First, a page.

Deep into the mountains she is taken, along a long tunnel at the mouth of a cave (I know this place well.) 
They travel deeper into the cave, the light disappearing slowly as darkness prevails. 
And there she waits to give birth. 
For seven years her and her baby live a beautiful and sacred life in the darkness. 
The child is trained and taught and played with. 
The only thing he hears is the soft murmurs of his select guardians, all he sees is shadows and darkness. 
The only smell is the cool damp rock and tastes, on purpose, only the blandest of foods. 
Loved, cherished and adored, they are asked to dream, dream their world into being. 
Trees, clouds, food, colour, mountains, the moon and stars, they dream them all. 
When they reach the age of seven, they are slowly taken out of the womb like cave of darkness, slowly they emerge into the slightest of light, down the birth canal of the cave tunnel. 

Imagine what that child must experience as he sees for the first time a shard of sunlight pouring from the mouth of the cave? 
Imagine what thought as he first heard the sound of birds singing and children playing in the fields? Imagine what he felt when he saw a tree for the first time, a forest, his mother’s face, his own hands. The colours of the world, the smell of the earth after the rain, the warm earth beneath his feet…It is said these children never recover, permanently in a state of awe and wonder. 
They never get over that first sight of our worlds beauty. It’s done this way because a shaman’s role in their community to remind them of the beauty in our world. 
I had tears as I listened to this story. Is this my responsibility too?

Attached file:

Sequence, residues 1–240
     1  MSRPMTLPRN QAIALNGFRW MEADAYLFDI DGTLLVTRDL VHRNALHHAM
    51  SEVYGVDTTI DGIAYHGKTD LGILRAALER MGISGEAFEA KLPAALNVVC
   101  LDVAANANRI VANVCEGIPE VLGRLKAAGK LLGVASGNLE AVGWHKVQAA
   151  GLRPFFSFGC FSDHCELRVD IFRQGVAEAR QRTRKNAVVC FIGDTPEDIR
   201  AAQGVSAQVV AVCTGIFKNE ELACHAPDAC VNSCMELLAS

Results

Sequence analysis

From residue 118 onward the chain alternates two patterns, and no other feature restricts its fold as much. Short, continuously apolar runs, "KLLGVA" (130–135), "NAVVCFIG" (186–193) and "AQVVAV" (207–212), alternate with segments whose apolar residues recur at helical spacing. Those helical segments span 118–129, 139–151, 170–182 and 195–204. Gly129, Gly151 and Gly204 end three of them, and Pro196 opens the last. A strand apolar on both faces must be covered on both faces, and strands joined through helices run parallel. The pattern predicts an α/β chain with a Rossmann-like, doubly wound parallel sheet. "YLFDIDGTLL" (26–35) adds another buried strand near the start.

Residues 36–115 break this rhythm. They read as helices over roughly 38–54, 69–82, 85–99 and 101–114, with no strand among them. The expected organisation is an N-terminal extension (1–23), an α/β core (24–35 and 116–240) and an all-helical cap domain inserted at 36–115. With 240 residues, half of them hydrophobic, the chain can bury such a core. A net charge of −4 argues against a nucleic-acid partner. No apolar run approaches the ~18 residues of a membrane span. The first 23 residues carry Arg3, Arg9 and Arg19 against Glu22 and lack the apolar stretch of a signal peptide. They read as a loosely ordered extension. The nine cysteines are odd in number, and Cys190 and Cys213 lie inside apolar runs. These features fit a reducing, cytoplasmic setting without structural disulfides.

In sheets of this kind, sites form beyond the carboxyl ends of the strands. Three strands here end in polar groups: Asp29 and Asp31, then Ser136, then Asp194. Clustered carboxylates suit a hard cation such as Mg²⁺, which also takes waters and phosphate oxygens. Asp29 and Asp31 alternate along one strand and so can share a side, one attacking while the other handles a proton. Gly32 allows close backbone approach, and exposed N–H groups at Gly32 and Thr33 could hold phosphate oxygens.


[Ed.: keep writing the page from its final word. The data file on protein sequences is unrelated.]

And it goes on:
Mac gifted us three questions that we could choose to carry with us on our journey through life;

What is it you most deeply and profoundly love?
For me this speaks of not only love but of moral codes of conduct, our integrity, our truth, our journey itself.

What are your deepest and profound gifts?
I think this could also be, what is your dharma? 
What is it you love to do, what is it you do that no one else can do the way you do it, what can you share with the world, your community, your family, what is your service to humanity?

What are you deepest and profound responsibilities? This I feel is about your connection with the world, God. My responsibility is to my son, my husband. 
But we can also choose to widen our responsibility, I can choose to be responsible to all those I touch with my work. 
To remind others of the beauty in our world…

Mac spoke of something about being a leader, about being in right relationship with the world and God, with an alignment with your heart and mind, being in the here and now. 
For us in our tradition of the Inca, this is called Ayni. 
When we live our truth with integrity being wholly who you are, we become leaders. 
Only then can we say, despite what is happening right now in the world, in my life, I choose to do what I love, speak my truth, and live each moment, each day throughout my life knowing I lived well.

Mac left us with an exquisite insight. 
It was about eight in the evening, the darkness of spring was shrouding us, and he said these words;

At this moment, there is a wave of bird song, a dawn chorus, hurtling towards us at great speed, as the sun chases the darkness away.